The Challenger wants an explanation of why I will not debate the philosophy of vouchers. "Philosophy matters," he tells us. There is twofold trouble with that. First, as the saying goes, in theory, theory and practice are the same; in practice they are not. I will show that even other voucher practices outside of Milwaukee find the same problems and the same lack of success as we see here. Then there's the second problem with the Challenger's statements, and it is much more damaging to his own case: His whole philosophy of vouchers seems to be, "why not?"
Consider the words of the Challenger from my Opening Statement and the end of his own Opening Statement. He writes, "If the cost [of private voucher schools] is the same to the state, or less, then why should it matter where my child receives his or her education?" (from mine) and "If a private institution can provide an equal or better education for less money, then I think it is acceptable for the State only to dispense that amount of money" (from his). This is about the extent of his philosophical argument--if the State can save a buck or two, why not do vouchers? The Challenger's First Rebuttal keeps pulling in that direction (while, admittedly, making a different point): "In Milwaukee, the voucher is for $5,500 regardless of the cost of educating that child. The public school spends an average of $11,772 per pupil." Besides overstating the actual per-pupil expenditure of MPS (it's really only $8,991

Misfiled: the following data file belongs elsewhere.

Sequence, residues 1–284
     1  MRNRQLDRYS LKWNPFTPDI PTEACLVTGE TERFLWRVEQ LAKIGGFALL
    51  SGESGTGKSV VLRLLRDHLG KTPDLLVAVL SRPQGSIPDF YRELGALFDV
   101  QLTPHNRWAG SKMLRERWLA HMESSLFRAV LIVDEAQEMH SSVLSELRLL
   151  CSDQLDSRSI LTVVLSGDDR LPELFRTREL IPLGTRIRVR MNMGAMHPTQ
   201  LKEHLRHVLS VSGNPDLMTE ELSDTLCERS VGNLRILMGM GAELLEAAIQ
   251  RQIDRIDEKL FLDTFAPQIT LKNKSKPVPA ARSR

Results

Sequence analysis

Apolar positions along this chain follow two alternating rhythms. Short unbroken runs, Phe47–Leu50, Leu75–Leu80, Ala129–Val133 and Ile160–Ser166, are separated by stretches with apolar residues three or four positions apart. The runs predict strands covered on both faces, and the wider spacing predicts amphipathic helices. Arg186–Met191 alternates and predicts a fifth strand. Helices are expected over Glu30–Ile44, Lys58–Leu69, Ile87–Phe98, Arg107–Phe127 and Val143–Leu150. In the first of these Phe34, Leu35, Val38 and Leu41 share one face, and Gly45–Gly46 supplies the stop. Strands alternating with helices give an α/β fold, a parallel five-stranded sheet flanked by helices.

, expected to rise $200 in the fall), the Challenger is subtly playing that same "if it costs less" game.
This "why not?" philosophy is an incredibly weak foundation on which to base one's support of such a broad and wide-ranging program as vouchers. I am not swayed by it, and, frankly, even if I were not predisposed to oppose vouchers, "why not?" is hardly a convincing argument. If the Challenger had posed some strong reasons for
vouchers--as Annette Polly Williams did when she crusaded
for a way to help the most troubled of the troubled find a better education in Milwaukee--I could maybe move a little bit. Williams, ashamed of how her crusade has been taken over by people with the Challenger's "why not?" attitude, is now a staunch opponent of expanding the voucher law beyond its original intent to help parents without resources find options. If "why not?" is the best they can do, then they will fail. As to the issue of whether or not private schools really do cost less, I will address that below.
But before I do, I must commend the rest of the Challenger's Opening Statement, where he generally presents very little I can disagree with. He sums it up well here:
The State may compel the parents to educate their children, but not prescribe the parameters of that education except in the broadest terms. The State does, however, still bear the responsibility of providing that education. The State must at all times execute its responsibilities in a way that is equal to all citizens. [. . .] The responsibility of providing an education must be provided equally to all citizens.
In other words, it is in the best interests of the State to ensure that all of its citizens are educated and to provide the means for the education to take place. Many states, including Wisconsin, where the Challenger and I both live and blog, take this obligation so seriously it is written into the constitution; I think Wisconsin's constitution is representative when it says